With an unsubtle melody that hints at ‘Dixie’ and a lyric referencing a “call to arms” and a “red white and blue reveille”, ‘All Hands on Deck’ is anything but subtle and, to be honest, after a couple of spins becomes quite annoying with its overt country throwbacks – it’s easily the album’s worst track, despite being well arranged – but, thankfully, this irritation is counterbalanced by the absolutely superb ‘Earth To Angel’, nestled at the end of the album. Yes, once again, there are more than enough country elements within this closing statement, but an almost funky bassline gives everything a huge buoyancy and a killer chorus gets under the skin in record time. The expected melodic rock guitar solo may have been replaced with (even more) steels, but the driving qualities are from the same heart that pumps the finest melodic rock – and the melodies are terrific. Rick asks that “we’ll all have a good time” and while he doesn’t always get it right on this long player, this tune is more than happy to assist in achieving that goal.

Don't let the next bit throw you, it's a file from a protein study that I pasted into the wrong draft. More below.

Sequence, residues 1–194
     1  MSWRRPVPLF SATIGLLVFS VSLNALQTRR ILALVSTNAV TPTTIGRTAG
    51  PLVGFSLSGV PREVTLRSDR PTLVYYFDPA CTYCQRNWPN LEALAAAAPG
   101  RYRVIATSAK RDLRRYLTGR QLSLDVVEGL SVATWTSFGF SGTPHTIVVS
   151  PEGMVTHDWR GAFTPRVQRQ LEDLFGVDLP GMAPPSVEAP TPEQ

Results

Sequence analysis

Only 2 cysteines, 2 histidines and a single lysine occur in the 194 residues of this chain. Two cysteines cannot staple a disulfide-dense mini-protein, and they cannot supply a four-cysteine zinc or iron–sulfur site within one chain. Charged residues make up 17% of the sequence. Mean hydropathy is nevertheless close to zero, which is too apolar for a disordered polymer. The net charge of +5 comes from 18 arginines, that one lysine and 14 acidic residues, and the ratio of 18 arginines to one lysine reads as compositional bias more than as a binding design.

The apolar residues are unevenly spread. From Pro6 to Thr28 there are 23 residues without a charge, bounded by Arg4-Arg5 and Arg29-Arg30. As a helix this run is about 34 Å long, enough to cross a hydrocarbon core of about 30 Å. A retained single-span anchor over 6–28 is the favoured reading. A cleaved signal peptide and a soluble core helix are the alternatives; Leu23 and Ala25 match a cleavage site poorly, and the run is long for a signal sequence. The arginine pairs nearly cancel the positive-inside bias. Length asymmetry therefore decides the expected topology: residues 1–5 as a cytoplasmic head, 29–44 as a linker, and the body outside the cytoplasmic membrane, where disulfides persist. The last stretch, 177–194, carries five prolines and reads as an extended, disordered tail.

‘Rocket Science’ is a rather unexpected turn. There’s pop and rock within this musical menagerie – it’s hard to believe that Rick would leave that behind, after all – but overall, this is a rather different animal to ‘Songs For The End of the World‘, or even the often overlooked ‘Karma’. The opening track really isn’t very good at all and while the country elements are, at first, perhaps, a little disorienting, at least eight of the thirteen tracks are of a great standard with some pretty infectious hooks. Above all else, Rick seems to believe in the material and gives most of it his own distinct charm…and that alone is just about good enough. This might never be your favourite Rick Springfield album, but stick with it – it’s worth it in the end.